When people working in an organization become less of a person and more of mere “resources” and “FTE’s,” a set of blinders descends over the Leaders, making it easier to make decisions that are good for the numbers but hurt the people.
But what happens when it is the view of the Leader that gets distorted — viewed as being more than just a person? Local/intraorganizarional celebrity status kicks into operation the same fog machine that distorts the sperceptions of pop culture celebrities. The effects can be costly:
- Leaders become detached from the people they uhare here to serve
- Leaders drift into acting like normal rules of behavior don’t apply to them
- Leaders begin to overestimate their own ability
- Leaders become invested in maintaining their image, which can lead to being less likely to admit failings and not knowing
Of course, the “do you know who that IS?” that makes leaders into celebrities doesn’t just affect the Leaders:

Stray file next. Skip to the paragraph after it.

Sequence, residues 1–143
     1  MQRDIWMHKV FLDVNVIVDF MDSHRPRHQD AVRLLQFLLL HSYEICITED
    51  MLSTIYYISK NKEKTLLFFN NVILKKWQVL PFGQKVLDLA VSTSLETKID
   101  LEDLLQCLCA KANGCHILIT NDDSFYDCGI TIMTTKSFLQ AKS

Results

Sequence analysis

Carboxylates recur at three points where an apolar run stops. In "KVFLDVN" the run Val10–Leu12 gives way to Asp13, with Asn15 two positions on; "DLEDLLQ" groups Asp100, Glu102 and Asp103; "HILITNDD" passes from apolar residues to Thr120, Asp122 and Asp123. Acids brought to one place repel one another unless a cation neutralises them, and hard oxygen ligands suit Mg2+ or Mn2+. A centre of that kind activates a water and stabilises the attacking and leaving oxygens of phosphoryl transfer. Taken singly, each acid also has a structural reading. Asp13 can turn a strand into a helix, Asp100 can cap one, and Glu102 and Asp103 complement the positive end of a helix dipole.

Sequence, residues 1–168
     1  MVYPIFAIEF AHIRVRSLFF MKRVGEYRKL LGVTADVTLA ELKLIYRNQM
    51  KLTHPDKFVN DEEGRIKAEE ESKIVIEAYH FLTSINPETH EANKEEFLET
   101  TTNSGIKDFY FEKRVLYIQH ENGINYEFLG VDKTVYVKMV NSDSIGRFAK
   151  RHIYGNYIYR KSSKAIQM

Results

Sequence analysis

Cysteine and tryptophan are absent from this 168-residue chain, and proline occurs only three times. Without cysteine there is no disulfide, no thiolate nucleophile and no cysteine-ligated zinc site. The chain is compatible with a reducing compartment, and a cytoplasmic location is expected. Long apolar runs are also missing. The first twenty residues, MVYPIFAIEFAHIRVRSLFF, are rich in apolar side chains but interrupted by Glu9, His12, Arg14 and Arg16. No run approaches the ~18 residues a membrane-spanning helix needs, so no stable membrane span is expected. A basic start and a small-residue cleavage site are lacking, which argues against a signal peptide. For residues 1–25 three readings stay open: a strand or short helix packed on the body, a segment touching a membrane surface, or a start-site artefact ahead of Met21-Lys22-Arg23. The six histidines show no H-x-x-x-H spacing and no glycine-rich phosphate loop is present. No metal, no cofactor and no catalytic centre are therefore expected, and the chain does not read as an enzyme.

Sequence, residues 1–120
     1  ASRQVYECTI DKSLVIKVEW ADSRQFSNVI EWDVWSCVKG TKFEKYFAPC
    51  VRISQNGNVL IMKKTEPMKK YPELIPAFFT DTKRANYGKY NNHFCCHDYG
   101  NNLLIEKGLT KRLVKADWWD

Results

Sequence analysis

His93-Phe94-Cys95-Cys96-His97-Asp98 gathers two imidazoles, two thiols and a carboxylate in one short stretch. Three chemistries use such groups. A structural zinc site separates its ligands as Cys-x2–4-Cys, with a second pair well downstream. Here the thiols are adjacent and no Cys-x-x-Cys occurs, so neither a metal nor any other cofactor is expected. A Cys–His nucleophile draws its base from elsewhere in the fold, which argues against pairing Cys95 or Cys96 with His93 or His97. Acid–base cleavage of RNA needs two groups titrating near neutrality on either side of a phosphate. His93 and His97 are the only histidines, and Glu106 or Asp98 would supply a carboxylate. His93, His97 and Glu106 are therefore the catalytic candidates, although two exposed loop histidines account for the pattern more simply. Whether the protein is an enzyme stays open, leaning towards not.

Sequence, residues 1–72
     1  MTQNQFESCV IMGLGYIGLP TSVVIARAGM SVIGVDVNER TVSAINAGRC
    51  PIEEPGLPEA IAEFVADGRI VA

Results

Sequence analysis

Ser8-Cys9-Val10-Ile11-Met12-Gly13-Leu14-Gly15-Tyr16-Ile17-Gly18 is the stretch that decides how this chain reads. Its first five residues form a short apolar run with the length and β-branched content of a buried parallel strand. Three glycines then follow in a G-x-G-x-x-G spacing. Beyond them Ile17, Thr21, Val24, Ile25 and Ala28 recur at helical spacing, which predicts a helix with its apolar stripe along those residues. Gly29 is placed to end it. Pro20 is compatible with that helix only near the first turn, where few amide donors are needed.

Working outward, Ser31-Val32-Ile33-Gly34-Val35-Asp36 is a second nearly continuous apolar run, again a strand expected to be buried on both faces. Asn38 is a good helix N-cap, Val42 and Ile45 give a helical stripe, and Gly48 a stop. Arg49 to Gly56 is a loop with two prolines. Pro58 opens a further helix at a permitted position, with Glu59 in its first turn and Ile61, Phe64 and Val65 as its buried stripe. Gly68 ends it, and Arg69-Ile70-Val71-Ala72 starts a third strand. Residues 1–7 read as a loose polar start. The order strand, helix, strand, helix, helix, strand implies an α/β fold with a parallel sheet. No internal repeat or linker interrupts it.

- People become invested in being near to or associated with the celebrity Leader
- People self-censor criticism and disagreement while offering up effusive praise
- People become invested in maintaining the celebrity leader’s image (the proximity to which they judge their social standing), leading to insulating the celebrity leader from bad news
It pays for both Leaders and People to chase away the haze of Celebrity and remember the sage wisdom of Depeche Mode: People are People.